Seagate – a Slumbering Beast Awoken
After a very late arrival to the SSD party, Seagate has been releasing new products at a furious rate. Its initial 2.5” offerings were competitive with industry stalwarts Samsung and have been priced more competitively, whilst the firm’s Barracuda and Firecuda 510 M.2 drives once again compare pretty favourably to the Samsung 970 EVO series that have been enthusiast favourites for so long. With this new Firecuda 520 M.2 drive, however, Seagate is one of the first manufacturers to take advantage of the new PCI Express 4 technology available on the latest AMD Ryzen chipsets.
What is PCIe 4?
PCIe 4.0 offers double the peak theoretical bandwidth of the previous 3.0 specification and is featured in AMD’s X570 (Ryzen) and TRX40 (Threadripper) chipsets. At time of writing, Intel’s most advanced chipsets – the Z390 and positively ancient HEDT X299 – remain limited to PCIe 3.0. Does this really matter? Well, yes it does.
Current flagship M.2 SSD drives are so fast that the 3500-3600 MB/s they max out at when reading and writing is because of PCIe bus saturation rather than a limitation of the chipsets themselves. Unfortunately, plugging a PCIe 3.0 drive into a PCIe 4.0 slot doesn’t magic up any extra bandwidth; you need support at both a chipset and an SSD controller level.
Enter the Seagate Firecuda 520
Seagate’s FireCuda 520 series is one of only a few PCIe 4 drives to hit the market, and the first from a storage-focussed manufacturer. Like other PCIe 4 drives we’ve seen from Gigabyte and Corsair, Seagate’s new flagship uses the Phison E16 controller. The headline quoted figures are mighty, with a quoted sequential read of 5,000MB/s and a sequential write of 4,400MB/s. IOPS are rated at up to 760,000 and there is a 3600 TBW endurance rating on this 2TB model – the largest available. How does that compare to the Samsung 970 EVO, long a Chillblast favourite? Very favourably is the answer.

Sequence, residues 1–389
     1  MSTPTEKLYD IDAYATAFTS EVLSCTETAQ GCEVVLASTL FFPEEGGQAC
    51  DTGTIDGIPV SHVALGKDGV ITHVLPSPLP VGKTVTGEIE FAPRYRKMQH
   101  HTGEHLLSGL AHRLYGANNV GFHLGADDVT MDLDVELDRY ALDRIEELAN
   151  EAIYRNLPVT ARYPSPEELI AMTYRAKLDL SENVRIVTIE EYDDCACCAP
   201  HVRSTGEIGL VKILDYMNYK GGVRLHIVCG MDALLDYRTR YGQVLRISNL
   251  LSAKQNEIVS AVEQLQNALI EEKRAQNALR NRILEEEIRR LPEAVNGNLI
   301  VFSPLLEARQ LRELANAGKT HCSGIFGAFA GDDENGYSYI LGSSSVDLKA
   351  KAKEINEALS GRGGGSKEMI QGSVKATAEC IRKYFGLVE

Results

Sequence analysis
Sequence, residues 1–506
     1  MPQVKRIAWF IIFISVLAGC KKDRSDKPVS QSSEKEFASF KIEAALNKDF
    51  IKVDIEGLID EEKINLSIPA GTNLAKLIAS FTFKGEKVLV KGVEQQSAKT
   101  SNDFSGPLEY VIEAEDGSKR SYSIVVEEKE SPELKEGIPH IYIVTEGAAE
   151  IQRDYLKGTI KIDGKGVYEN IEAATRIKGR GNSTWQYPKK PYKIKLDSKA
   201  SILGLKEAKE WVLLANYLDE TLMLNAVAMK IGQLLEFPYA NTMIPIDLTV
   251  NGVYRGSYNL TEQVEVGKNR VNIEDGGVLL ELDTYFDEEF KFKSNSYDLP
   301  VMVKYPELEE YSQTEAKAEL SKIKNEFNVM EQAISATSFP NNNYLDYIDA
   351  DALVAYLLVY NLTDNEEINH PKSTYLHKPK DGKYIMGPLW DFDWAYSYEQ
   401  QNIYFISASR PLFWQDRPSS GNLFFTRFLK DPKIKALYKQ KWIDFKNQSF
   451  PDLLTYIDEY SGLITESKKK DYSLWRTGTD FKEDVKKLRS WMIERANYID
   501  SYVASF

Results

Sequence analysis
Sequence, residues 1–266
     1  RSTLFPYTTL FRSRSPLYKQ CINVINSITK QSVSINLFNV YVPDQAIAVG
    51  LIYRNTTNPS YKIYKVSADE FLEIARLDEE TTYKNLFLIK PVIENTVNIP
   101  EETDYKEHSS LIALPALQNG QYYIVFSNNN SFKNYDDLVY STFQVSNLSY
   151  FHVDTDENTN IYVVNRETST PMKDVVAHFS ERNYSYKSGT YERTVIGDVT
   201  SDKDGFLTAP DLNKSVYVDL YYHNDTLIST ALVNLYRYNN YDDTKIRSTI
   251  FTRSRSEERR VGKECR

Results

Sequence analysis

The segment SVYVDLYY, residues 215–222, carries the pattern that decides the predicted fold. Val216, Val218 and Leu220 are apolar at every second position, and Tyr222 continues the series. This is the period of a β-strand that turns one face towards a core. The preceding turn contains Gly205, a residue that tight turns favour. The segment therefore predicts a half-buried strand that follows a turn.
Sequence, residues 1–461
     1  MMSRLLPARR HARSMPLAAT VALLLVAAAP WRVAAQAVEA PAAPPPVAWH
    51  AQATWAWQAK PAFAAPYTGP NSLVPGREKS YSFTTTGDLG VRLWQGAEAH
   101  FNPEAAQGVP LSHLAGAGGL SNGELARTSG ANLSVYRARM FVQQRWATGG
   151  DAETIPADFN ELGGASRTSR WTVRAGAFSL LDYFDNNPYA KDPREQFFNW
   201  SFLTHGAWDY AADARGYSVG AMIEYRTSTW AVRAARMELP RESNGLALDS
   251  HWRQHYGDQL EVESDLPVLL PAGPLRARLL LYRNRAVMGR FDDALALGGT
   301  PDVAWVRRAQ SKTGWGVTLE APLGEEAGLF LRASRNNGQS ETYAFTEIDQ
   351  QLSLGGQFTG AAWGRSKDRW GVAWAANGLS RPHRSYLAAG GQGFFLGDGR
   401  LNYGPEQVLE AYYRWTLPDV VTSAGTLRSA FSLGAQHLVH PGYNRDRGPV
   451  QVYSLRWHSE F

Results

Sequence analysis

Samsung claims sequential maximum throughput of 3400MB/s and 2500MB/s for Read and Write respectively, while the IOPS rating of Samsung’s largest NVMe is 500K. Endurance-wise Seagate has really taken its rival to the sword – the 970 EVO is rated to only a third of the Firecuda’s 3600TBW rating with just 1200 TBW.
All of Seagate’s drives benefit from the free Seatools software that allows you to monitor the health status of your drive, perform a secure erase, update the firmware and clone your data to a new drive.
In Crystal Disk Mark, the Seagate Firecuda 520 is the first M.2 drive we’ve seen to bust through the 5GB/s barrier. Sequential write speed was no less impressive, with the drive recording an epic 4.3GB/s. That’s nearly a full GB/s quicker than Samsung’s market leader. Things are a lot closer when we look at small file random read and write performance, but the Firecuda 520 is still meaningfully faster than the 970 EVO Plus.
Game Load Times
Moving onto real-world gaming tests, we see that the Firecuda 520 doesn’t really load environments any faster than other M.2 drives. That’s due to a mixture of factors. Firstly, game levels normally consist of lots of small reads rather than large sequential data sets, and secondly because game level loading is becoming increasingly CPU bound due to data decompression.
PCMark 8 has long been our go-to benchmark for analysing the real-world performance of a drive because it closely replicates workloads actual applications produce. In this test Samsung drives have traditionally held a commanding lead over the competition, but despite getting close, they were unable to unseat the PCIe 4.0 Firecuda 520. That makes this the first drive we’ve tested to beat a Samsung 970 series drive in a real-world test. Great job Seagate.
100GB Directory Copy
Our final benchmark is a directory copy from a massive 100GB folder of files stored on the drive to a new folder. As this is using the same drive as the source and the destination, and the directory has a mixture of data of all different kinds, the transfer rates will be a lot less than the headline sequential results. Lower is better in this case.
All in all the Seagate Firecuda 520 sets a new benchmark for home PC storage performance. The PCIe 4.0 technology provides a real-world advantage compared to PCIe 3.0 drives and unseats our previous champ, the Samsung 970 EVO comfortably. Add to that an extremely generous MTBF rating and warranty, and Seagate’s Firecuda 520 is our new favourite M.2 SSD.
Check out this article for a more in-depth look at Seagate’s range of FireCuda and BarraCuda SSD’s!
Not a Seagate fan? Check out this article that reviews Corsair’s MP510 M.2 SSD!